A READER VIEWS THE “BUYERS’ MARKET”
The motor industry claims to be crippled by purchase tax and unable to survive just because their waiting lists have been reduced from years to weeks, and because the sellers’ market is not now an absolute push-over. They whined about purchase tax when they were still enforcing the covenant on resale. There is every sign that some members of the industry are going to take a long time to get used to having customers dictate to them. Take a well-known Four. Fifty. Three years ago this car cost about £1,000. Yet countless improvements have had to be made to it until now, finally, its production is being discontinued (even if the makers still list it In their catalogue). Three years ago its spring damping was so poor that huge telescopic shock-absorbers had to be subsequently fitted (four on the back axle and two in front). Its boot lid, when locked, could be jerked open. On a rough road the lid opened and shut through the flexing of the body. It took another year for the makers to discover this. The door handles and the bonnet catches worked only with difficulty, and the riveted hinge on the boot lid was a nadir of mechanical ineptitude. On the Six-Eighty it still is.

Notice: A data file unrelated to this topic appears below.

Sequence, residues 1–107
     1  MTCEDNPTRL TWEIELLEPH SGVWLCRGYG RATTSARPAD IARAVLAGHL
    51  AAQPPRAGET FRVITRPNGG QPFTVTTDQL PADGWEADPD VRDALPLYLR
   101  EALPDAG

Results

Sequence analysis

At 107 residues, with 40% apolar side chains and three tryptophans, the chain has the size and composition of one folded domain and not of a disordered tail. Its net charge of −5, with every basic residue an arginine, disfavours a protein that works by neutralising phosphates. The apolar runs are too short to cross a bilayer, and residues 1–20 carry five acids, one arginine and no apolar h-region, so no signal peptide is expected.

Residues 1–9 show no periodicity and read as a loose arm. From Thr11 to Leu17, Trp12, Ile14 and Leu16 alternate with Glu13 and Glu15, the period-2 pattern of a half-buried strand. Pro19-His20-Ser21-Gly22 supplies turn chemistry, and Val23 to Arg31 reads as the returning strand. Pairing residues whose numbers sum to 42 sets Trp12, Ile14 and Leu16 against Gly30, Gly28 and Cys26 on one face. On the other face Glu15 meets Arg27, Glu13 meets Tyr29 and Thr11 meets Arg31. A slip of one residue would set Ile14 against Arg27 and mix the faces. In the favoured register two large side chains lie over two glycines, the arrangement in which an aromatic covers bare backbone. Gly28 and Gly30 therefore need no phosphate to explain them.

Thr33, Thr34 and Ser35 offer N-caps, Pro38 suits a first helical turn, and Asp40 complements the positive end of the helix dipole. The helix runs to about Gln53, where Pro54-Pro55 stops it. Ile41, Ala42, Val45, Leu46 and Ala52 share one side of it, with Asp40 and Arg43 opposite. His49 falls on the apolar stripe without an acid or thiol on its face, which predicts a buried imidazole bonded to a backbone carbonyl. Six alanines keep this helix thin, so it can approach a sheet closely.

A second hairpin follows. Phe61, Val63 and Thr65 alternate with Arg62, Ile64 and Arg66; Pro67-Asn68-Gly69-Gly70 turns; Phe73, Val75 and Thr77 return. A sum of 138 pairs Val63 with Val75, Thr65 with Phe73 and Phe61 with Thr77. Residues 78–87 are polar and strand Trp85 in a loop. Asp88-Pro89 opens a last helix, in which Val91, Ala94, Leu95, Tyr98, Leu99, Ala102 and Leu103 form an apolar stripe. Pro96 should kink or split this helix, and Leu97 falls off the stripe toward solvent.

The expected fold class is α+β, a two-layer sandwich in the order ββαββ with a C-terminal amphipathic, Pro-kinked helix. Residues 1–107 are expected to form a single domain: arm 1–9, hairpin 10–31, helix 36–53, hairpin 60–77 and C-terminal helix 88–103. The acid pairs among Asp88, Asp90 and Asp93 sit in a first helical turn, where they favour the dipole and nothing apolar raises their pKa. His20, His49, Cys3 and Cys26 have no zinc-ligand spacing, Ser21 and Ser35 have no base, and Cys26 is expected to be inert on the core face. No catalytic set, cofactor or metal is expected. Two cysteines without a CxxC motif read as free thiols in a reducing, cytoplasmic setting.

This month, at 35,000 miles, a distributor reported a 1949 model to be worn out, and in need of replacement by a new one. The garage’s letter was sent to the makers, with comments suggesting that the car left something to be desired, and that the performance of the model did not encourage the purchase of another of the same make. The reply was : “After having told us that you do not propose to buy another —, we venture to suggest, with due respect. you could hardly expect us then to consider some concession.”
A buyers’ market ?
Betchworth. I sin, Yours, etc.,
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